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Air fryers can actually save you money on your bills. Here's how much.

As someone who gets to test much of the latest kitchen gear, I've learned to temper my excitement for new appliances or cooking tools just because they're new. Four years into air frying, I'm proud to call myself a convert and staunch advocate for these handy countertop cookers that cost very little but deliver a whole lot.

There are mounds of reasons to love an air fryer, most of them food related, but with energy costs much higher than normal, an air fryer can also trim money from your monthly energy bill. Air fryers use far less energy to operate than big ovens and they take less time to cook food. That all means a lower monthly gas or electric bill if you opt for an air fryer in place of the full-sized oven on a regular basis.

If you're wondering exactly how much cheaper it is to run an air fryer than a big oven, I did the math. The difference is about 50% less total energy used, and that's *before* factoring in the shorter total time needed for most food when cooked in an air fryer versus the big oven. Here's how we got that figure and a breakdown of how much you can save using your air fryer instead of the oven. (You can also check out how much money you can save by shopping at Trader Joe's, and buying meal kits instead of groceries.)

The answer won't be the same for everyone since energy costs vary by state in the US. Oven efficiency also varies and newer models tend to use less gas or electricity. For this exercise, we'll use some averages and estimates to assess how much you can potentially save if you fire up the air fryer instead of the oven. Oh, and saving money on energy is just one of *many* reasons we think air fryers are a worthwhile investment. More on that in a bit.

Gas oven | Electric oven | Air fryer | |
---|---|---|---|

Cost per hour of cooking | 40 cents | 52 cents | 25 cents |

So how did we get these numbers? The easiest way to figure out how much an air fryer might save you versus a big oven was to calculate the wattage pulled per hour versus how much an electric stove would use. The same goes for a gas oven, although for that you need to figure out the amount of natural gas used for a stove as well as the cost of natural gas in your state.

Don't worry. We did the hard part.

Depending on what type of oven you have, gas or electric, operating cost will vary since natural gas prices and electricity costs vary rather dramatically by state and service provider. While both use a similar amount of energy and have somewhat similar upfront costs, if you own an older oven there's a good chance it's less energy-efficient than a newer model.

To calculate the operating cost of your gas stove and oven, we take the energy rating of the oven in Btu and divide it by 100,000. Multiply the result by the cost per therm of natural gas in your state, which varies greatly, then multiply by the number of hours the oven is used. You should be able to find the energy rating of your oven online if you know the model name or number. It is likely somewhere on the unit itself. If you still have the owner's manual, you can find the energy rating there, measured in Btu.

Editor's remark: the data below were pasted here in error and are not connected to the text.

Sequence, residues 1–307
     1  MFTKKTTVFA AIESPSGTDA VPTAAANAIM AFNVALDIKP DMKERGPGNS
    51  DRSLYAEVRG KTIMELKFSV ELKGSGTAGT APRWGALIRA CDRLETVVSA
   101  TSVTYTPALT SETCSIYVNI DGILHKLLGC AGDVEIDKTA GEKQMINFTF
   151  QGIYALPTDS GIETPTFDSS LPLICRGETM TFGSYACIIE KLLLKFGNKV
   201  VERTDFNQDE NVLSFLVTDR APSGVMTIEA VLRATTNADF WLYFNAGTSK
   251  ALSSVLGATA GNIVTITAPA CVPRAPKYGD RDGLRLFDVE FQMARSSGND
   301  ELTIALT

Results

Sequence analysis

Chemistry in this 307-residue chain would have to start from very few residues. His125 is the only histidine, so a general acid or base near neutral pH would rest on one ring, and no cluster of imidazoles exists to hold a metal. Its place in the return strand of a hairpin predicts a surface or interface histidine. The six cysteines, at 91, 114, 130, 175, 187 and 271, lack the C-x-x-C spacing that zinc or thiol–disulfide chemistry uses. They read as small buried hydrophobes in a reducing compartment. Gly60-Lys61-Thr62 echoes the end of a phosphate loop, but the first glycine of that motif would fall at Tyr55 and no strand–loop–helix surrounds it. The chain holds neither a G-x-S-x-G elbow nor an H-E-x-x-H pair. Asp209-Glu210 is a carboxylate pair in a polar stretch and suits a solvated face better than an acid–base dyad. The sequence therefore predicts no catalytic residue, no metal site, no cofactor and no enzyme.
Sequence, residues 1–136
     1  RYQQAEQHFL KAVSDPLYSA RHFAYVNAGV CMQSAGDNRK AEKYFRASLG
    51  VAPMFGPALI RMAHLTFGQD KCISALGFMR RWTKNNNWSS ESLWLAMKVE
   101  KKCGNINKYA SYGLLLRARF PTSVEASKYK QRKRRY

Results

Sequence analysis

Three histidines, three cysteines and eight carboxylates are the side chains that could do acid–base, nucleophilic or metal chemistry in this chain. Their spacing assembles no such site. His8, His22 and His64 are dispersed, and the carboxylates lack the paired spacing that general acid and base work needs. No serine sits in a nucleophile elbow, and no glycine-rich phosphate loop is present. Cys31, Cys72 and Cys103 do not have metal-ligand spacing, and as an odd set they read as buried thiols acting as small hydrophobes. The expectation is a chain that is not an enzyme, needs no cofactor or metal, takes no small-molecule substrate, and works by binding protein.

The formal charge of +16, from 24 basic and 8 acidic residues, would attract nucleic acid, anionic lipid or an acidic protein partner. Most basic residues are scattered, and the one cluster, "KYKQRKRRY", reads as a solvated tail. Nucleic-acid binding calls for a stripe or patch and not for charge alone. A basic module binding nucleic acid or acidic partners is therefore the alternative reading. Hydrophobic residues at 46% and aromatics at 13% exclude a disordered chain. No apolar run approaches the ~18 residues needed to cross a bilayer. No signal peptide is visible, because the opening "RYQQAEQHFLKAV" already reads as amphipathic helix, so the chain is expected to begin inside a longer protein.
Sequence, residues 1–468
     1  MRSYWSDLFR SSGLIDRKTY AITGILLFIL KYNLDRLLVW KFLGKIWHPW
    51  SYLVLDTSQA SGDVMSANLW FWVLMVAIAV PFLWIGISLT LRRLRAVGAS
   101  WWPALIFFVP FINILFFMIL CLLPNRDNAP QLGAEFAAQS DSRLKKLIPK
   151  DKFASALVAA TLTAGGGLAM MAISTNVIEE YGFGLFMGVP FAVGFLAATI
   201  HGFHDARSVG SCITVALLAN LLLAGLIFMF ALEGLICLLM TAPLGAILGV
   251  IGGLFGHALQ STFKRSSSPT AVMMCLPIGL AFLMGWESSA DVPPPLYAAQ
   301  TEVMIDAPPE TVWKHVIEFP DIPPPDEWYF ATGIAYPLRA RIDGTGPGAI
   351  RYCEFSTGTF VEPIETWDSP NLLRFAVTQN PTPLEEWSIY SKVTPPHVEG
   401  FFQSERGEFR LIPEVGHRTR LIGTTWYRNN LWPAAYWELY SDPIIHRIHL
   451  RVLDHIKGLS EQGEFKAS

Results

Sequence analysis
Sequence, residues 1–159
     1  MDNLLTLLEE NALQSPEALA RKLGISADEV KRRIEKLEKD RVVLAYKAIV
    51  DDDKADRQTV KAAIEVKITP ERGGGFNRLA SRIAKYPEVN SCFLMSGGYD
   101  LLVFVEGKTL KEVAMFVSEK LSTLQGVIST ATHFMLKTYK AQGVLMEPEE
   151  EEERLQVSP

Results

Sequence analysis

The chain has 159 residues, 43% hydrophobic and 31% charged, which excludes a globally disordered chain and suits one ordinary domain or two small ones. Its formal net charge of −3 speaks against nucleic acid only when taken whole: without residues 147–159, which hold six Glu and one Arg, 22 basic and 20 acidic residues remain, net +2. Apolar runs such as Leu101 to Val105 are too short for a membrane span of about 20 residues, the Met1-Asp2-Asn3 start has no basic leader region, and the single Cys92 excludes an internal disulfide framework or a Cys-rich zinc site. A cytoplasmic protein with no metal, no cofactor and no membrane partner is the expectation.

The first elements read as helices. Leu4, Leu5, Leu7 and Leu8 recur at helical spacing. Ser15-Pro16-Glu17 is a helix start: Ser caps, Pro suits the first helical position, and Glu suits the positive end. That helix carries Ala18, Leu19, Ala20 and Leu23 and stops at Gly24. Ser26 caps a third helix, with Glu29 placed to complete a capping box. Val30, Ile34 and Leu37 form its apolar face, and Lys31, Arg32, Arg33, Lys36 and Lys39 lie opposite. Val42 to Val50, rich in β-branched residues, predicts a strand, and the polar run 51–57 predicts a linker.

To calculate the operating cost of an 18,000-Btu oven, you'll divide 18,000 by 100,000, giving you 0.18. We'll also need to find the average price per therm of natural gas in your state. This chart has the most recent prices via the US Energy Information Administration. Note that this chart is listed in dollars per thousand cubic feet, so you'll need to divide by 10. For instance, if the chart price is $23, you'll use $2.30 to calculate the cost.

In New York where I live, the price is currently $2.20 per therm (about average for the US). Next, we'll multiply that price for a therm by the number you calculated in the last step (0.18 in this example) to get the operating cost per hour of using your gas oven.

**For me, it would cost about 40 cents per hour to run an 18,000-Btu oven. **If I were to run an oven for 1 hour per day, it would cost **$146 per year**.** **In some states (including Georgia, Florida and Ohio), natural gas is about 30% higher than the national average. In Hawaii, it's more than double.

To determine electric stove consumption you'll calculate the wattage pulled per hour of cooking. Most electric ovens draw around 3,000 watts, depending on the temperature. Once you find the wattage of your oven via the appliance tag, owner's manual or an online product listing, multiply that by the number of hours you use the oven each day (we'll use 1 hour for this calculation), then divide by 1,000 watts to find the kilowatt-hours (kWh) of electricity used.

Next, find the average price per kWh of electricity in your state. For that, you can consult this chart that has the 2020 prices listed in cents per kWh. The prices for 2021 won't be released until December 2022, but if you do some web searching, you should be able to find the latest figures. Multiply that amount by the number you just calculated (3 kWh in this example) to determine your operating cost per day.